Exhibitionin New York, NY / United States
Lyons Wier Gallery is pleased to present our second group summer show,”Converging Landscapes,” featuring artists Jose Anico, Steve Cope, Valeri Larko, Peter Roux and Mark Zimmermann. The exhibition addresses how contemporary artists use the landscape as their muse. Their painting techniques range from plein air to abstraction and exemplifies how contemporary artists are using the landscape as inspiration.
Jose Anico paints the landscape almost verbatim. Capturing the marshy view from New Jersey and New York City, the work has a shared spirit with Dutch Landscape painting. Anico’s dirt roads and open vistas feel as if they could have been painted centuries ago if it was not for the detritus material and power lines that pepper the landscape calling attention to present-day environmental concerns.
Valeri Larko‘s painting practice employs traditional plein air principles of observation but is literally using the graffitied landscape of the Bronx as her inspiration. Larko uses her artistic license to subtly change the narrative, commenting on a different type of converging landscape whereby the walls and buildings before her are the canvases of others.
Steve Cope paints intimately scaled scenes of great vistas. The crux of Cope’s compositions is the juxtaposition and combination of dissimilar or disparate landscapes. By visually weaving these discordant nature panoramas, he creates a beautiful narrative that is both inviting yet disconcerting.
Peter Roux combines principles of landscape and abstract painting. His cloud paintings oscillate between representational and non-objective painting by rendering recognizable cloud forms that fold into automatic mark making. Roux’s beautiful execution forces the viewer to reconsider their understanding of both techniques and wonderfully illustrates how the landscape converges with abstraction.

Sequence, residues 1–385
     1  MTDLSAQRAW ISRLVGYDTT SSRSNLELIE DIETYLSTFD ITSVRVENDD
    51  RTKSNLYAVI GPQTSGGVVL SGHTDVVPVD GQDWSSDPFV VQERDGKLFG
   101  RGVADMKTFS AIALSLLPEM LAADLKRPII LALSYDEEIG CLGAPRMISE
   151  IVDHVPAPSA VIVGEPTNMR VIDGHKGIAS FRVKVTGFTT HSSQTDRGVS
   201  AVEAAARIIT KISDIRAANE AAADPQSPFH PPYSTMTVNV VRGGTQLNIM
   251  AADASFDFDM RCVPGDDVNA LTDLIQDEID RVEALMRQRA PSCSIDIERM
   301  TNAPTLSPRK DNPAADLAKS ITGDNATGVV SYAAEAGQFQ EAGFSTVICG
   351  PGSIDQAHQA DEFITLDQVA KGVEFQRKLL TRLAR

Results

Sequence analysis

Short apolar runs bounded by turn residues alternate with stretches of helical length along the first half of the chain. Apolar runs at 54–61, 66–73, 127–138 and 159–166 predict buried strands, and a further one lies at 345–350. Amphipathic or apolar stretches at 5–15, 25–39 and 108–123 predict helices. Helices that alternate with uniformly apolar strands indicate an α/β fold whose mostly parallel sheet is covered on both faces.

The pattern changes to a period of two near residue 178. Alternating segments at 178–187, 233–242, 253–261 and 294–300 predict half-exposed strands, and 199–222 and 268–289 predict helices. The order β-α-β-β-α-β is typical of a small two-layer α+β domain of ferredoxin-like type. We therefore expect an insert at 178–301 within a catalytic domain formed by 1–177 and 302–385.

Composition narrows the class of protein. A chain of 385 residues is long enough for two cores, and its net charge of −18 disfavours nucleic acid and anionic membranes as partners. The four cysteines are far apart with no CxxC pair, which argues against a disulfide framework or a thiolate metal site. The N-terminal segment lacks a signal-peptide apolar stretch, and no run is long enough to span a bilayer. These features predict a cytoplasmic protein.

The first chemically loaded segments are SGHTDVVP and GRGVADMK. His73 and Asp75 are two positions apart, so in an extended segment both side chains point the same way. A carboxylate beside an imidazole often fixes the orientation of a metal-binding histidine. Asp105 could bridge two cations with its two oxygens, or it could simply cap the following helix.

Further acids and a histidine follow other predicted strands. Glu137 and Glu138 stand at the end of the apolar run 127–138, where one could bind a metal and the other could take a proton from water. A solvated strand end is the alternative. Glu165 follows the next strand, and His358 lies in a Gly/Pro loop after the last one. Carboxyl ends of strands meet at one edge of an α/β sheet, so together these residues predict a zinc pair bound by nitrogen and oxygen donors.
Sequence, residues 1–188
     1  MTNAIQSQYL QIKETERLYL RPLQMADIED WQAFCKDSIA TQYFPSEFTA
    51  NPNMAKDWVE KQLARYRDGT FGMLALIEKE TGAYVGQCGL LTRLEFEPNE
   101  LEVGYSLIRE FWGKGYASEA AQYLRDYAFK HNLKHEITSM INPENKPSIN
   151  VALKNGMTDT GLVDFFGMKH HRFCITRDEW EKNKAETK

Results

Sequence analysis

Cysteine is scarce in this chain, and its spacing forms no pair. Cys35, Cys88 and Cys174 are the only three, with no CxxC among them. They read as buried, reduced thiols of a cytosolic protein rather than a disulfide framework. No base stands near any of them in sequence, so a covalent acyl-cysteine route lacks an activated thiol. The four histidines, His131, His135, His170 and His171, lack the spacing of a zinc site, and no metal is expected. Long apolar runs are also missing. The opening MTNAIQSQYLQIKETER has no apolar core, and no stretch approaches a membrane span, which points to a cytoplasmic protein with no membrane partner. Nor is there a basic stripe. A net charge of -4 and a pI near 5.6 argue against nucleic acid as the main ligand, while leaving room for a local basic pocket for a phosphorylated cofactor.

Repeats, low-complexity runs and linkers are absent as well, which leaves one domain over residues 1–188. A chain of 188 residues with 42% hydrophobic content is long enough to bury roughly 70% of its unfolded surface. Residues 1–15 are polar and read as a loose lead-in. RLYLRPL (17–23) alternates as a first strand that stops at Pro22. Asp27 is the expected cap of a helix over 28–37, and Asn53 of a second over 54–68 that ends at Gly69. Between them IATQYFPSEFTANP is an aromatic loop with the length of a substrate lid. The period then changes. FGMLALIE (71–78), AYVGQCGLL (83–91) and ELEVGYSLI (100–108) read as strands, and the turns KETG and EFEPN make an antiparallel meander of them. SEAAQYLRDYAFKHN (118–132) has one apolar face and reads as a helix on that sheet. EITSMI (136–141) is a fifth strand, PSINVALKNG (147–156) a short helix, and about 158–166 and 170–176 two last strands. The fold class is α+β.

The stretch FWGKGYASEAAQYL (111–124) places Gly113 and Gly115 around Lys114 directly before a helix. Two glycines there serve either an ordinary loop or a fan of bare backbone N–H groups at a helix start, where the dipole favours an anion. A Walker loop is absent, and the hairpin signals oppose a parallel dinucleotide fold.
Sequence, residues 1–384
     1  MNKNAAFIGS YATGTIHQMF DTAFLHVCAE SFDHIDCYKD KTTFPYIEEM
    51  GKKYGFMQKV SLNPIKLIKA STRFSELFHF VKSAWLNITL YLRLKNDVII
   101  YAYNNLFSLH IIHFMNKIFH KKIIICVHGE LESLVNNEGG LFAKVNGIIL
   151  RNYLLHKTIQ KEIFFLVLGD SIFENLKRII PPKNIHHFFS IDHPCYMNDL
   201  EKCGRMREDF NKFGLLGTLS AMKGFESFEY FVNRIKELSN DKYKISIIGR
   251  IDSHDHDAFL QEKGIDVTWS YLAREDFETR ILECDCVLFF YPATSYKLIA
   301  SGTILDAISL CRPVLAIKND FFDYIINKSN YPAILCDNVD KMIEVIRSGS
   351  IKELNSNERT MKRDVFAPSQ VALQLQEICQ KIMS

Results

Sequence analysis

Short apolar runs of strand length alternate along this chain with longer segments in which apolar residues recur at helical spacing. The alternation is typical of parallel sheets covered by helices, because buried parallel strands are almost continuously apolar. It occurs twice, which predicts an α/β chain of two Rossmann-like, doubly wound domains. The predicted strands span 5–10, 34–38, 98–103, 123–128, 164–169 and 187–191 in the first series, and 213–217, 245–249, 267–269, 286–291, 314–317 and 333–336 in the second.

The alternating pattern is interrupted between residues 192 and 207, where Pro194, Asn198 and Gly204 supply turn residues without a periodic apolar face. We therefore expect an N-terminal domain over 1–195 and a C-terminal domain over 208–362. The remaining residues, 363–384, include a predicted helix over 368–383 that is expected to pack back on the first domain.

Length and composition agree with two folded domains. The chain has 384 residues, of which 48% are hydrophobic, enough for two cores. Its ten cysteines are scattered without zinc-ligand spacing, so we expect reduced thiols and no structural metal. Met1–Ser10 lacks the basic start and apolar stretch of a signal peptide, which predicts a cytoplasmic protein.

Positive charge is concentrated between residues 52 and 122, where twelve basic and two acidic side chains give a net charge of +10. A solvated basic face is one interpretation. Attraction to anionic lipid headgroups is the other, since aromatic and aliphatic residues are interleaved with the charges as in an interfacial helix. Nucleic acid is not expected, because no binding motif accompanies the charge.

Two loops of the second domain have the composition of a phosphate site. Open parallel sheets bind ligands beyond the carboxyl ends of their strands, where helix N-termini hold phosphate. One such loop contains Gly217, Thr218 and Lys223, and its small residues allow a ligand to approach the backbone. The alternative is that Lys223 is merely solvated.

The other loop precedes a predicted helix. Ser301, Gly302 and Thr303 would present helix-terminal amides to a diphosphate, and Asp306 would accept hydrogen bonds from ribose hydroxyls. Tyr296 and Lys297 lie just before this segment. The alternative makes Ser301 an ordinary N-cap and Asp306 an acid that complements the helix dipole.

Mark Zimmermann‘s work, in its simplest form, could be considered geometric abstraction. Zimmermann clearly demonstrates his deftness of hand though labored bands of color, building and editing one band upon other, until the editing process renders compositions that are one part hard-edge and one part action painter abstraction. However, with a little bit of imagination, one can clearly establish a horizon line. One step beyond Peter Roux, Zimmermann transforms his seemingly nonobjective abstract compositions into a landscape, capturing that critical moment when abstraction slips into realism and vice versa.
Gallery hours Tues-Sat 11 am – 6 pm
Lyons Wier Gallery
542 West 24th Street
10011 New York, NY